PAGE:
Koncak (kahn'-kak) noun. A derisive term used to describe an exceptionally large free agent contract, usually signed for several years at the maximum allowable salary. Invariably, the player in question fails, sometimes in tragic fashion, to meet the high expectations commensurate with such a titanic paycheck (see Contract Year Phenomenon for details). Furthermore, the contract's financial burden depletes precious cap space -- much like a throbbing alien parasite coldly and remorselessly sucking away your lifeblood -- effectively preventing the team from improving for several years.

Usage example: Finally free of Grant Hill's ginormous Koncak, the Orlando Magic wasted no time in agreeing to a "bigger and better" Koncak with Rashard Lewis.

Word History: In 1989, the Atlanta Hawks signed Jon Koncak -- a bench player averaging about 5 points and 6 rebounds per game -- to a 6-year, $13 million contract. And yeah, I know that $13 million over six years isn't a lot of money these days, but in 1989 dollars, Koncak was worth more than Larry Bird, Magic Johnson, and Michael Jordan. Seriously.

The Koncak signing succeeded in financially crippling the Hawks for, well, six years, which made it impossible for the team to improve through the acquisition of quality free agents. It is't farfetched to say that much of the misfortune Dominique Wilkins has suffered -- the playoff disappointments, the trade to the Clippers, getting left of the NBA's 50 Greatest Players list, the Hall of Fame snub -- can be attributed to Koncak's Koncak.

Many NBA historians have identified the Koncak as the exact moment teams starting going batshit crazy and signing slightly above-average players for ridiculous sums of money. Examples of other famous Koncaks include Travis Knight's 7-year, $22 million deal with Boston, Brian Cardinal's 6-year, $37 million contract with the Grizzlies, Kenyon Martin's 7-year, $91 million contract with the Nuggets, Howard Eisley's 7-year, $41 million deal with the Knicks, and now Rashard Lewis' 6-year, $110 million contract with the Magic.

The Fans Speak: A few extra tidbits from alert readers. First, I omitted this because I was tired of typing the word "contract," but reader jaz pointed out that Koncak was nicknamed "John Contract" because of his insane deal with the Hawks. An anonymous poster reminded me that part of the reason the Hawks went all-out to resign Koncak was because their bitter rivals, the Detroit Pistons, were also trying to acquire his useless services (I think they were just trying to trick the Hawks into handicapping themselves to resign the big stiff...a strategy that worked to sinister perfection). Max corrected me on Howard Eisley's contract: the Knicks didn't give him the original contract (the Jazz made that terrible mistake), they merely traded for it (but, uh, which is worse?). Finally, Evan from Nerditry.com criticized me (justifiably) for neglecting to mention Jim McIlvane's 5-year, $35 million contract with the Seattle Supersonics, a deal that some people think ruined Shawn Kemp's career.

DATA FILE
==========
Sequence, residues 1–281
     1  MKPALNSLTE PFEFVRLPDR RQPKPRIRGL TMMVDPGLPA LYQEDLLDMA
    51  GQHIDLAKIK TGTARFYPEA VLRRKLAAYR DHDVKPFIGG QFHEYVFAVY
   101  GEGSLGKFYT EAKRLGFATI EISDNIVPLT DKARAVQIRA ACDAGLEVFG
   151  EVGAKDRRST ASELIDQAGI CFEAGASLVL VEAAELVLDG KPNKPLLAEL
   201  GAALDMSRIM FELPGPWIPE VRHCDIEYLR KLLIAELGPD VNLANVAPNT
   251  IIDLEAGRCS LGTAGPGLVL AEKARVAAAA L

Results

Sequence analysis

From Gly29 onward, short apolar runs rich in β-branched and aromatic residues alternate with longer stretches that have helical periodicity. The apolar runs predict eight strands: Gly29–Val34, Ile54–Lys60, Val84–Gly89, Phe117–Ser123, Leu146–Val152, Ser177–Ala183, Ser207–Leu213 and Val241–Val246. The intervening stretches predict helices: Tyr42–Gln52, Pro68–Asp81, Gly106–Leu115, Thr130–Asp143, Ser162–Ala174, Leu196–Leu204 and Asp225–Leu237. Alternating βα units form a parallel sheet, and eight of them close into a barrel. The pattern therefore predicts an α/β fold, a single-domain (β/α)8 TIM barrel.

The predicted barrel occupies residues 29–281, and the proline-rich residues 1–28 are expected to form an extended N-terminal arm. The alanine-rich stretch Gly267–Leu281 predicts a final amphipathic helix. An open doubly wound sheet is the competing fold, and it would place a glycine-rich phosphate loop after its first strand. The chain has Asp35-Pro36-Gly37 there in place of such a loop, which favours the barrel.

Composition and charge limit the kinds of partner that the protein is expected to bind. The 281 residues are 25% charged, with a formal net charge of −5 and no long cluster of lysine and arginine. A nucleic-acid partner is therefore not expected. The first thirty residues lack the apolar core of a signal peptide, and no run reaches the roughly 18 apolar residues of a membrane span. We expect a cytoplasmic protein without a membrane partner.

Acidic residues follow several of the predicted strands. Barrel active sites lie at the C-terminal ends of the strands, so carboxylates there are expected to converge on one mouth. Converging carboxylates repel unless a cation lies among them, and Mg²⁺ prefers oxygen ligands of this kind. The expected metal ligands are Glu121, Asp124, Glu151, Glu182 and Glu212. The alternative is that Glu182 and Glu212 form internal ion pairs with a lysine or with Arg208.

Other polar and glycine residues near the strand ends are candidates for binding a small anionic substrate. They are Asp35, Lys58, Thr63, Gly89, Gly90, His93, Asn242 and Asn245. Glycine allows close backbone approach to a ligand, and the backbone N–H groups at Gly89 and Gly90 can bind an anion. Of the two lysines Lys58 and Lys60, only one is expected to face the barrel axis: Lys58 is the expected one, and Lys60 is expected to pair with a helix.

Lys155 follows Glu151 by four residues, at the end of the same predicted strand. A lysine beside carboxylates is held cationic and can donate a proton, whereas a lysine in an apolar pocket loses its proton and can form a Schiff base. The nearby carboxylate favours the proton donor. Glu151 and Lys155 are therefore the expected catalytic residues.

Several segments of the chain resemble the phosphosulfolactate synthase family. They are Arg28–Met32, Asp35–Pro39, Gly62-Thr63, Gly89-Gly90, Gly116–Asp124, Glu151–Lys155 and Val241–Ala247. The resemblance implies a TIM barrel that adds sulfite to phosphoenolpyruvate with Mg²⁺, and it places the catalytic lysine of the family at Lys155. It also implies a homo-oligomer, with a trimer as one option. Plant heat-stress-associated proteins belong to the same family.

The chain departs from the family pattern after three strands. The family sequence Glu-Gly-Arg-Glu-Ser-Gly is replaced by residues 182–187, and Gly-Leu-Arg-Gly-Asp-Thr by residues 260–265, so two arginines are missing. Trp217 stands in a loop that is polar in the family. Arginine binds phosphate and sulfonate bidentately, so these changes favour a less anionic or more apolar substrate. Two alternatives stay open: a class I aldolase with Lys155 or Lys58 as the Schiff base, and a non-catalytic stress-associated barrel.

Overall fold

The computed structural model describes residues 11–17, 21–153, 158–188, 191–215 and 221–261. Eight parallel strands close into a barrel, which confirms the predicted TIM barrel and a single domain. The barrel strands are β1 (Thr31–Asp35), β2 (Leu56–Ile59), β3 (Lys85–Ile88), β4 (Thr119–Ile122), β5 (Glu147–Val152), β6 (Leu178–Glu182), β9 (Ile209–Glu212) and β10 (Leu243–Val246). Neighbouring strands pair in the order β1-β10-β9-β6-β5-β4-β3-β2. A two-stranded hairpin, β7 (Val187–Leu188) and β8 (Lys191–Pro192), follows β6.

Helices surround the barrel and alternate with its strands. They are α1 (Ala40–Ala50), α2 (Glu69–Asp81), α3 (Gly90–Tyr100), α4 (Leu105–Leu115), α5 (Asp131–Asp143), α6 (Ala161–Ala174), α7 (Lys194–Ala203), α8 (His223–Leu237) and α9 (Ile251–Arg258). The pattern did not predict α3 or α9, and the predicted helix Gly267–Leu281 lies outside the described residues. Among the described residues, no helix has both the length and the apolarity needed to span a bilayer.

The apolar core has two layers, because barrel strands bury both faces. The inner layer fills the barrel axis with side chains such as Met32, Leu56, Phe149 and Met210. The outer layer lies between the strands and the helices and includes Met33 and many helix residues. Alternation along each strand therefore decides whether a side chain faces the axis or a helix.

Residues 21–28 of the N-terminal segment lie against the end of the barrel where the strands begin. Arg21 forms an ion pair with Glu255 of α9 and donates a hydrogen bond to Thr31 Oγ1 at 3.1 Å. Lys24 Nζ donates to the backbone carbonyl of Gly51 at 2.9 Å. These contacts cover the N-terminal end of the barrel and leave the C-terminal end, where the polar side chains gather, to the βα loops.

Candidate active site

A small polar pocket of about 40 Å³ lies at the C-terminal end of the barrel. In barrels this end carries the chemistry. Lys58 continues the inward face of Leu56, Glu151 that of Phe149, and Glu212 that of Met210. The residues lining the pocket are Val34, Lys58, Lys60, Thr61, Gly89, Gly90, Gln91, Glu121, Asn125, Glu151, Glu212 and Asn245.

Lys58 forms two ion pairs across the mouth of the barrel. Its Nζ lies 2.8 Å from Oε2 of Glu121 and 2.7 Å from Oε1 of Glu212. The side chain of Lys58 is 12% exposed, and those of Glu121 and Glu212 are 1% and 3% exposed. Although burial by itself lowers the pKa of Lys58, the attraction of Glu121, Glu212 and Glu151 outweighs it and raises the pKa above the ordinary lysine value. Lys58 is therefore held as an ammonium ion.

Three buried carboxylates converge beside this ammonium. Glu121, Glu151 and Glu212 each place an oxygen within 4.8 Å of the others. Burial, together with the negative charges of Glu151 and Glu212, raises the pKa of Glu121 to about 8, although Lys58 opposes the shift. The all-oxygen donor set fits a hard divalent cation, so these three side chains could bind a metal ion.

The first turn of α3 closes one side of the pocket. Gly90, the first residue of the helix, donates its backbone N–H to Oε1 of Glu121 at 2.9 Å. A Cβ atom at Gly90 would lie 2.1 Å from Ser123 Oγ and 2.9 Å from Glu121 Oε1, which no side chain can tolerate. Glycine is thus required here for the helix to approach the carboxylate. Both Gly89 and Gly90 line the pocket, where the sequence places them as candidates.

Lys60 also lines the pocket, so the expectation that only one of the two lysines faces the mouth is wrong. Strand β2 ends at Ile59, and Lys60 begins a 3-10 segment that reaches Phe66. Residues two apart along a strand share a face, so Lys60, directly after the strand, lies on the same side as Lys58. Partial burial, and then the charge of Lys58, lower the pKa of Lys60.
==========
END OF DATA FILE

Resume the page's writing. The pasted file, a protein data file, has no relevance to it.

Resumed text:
Breastastic Extra: Since I couldn't find any decent pictures of Koncak, here's one of Denisse, a member of the Hawk's A-Town Dancers. No need to thank me. But you can if you want.

Now her I'd pay $13 million for...

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Anonymous Anonymous said...
Heh, what you might not know is that "Koncak" changed almost seamlessly into "Contract". That is what people ended up calling him: Jon Contract.

Jon wasn't a bad guy, he played good post defense, but that's all he could do. Should we blame players for accepting contracts up to which they cannot live?

Blogger Basketbawful said...
You know jaz, I actually had a reference to his "Jon Contract" nickname in the first draft of that post, but the repetition of the world "contract" made me take it out.

No, I don't blame him at all. I'd do it in a heartbeat, no matter how badly I sucked.

Blogger Max said...
Howard Eisley actually was signed by Utah to that 7 year deal. Scott Layden signed Shandon Anderson and Eisley to oversized contracts while he was the GM over in Utah, then when the Knicks brought Layden in, he traded for his overpaid players.

Anonymous Anonymous said...
It's worth noting that, vis-a-vis Koncak, the Hawks matched a Detroit offer sheet, their bitter Central Division rivals at the time.

Blogger Basketbawful said...
Thanks for the info guys. I updated the post with a "Fans Speak" section so those valuable details would not be lost.

Anonymous Anonymous said...
Okay, the dancer is attractive (in that airbrushed-and-stuffed-with-silicone kind of way) but serious, high-heel Chuck Taylors? WTF?

Blogger chris said...
Looking back at this post, I dare say that the third-tier trio of Brand, Davis, and Maggette made the 2008 free agent season most famous for a set of crippling Koncaks!!!!!!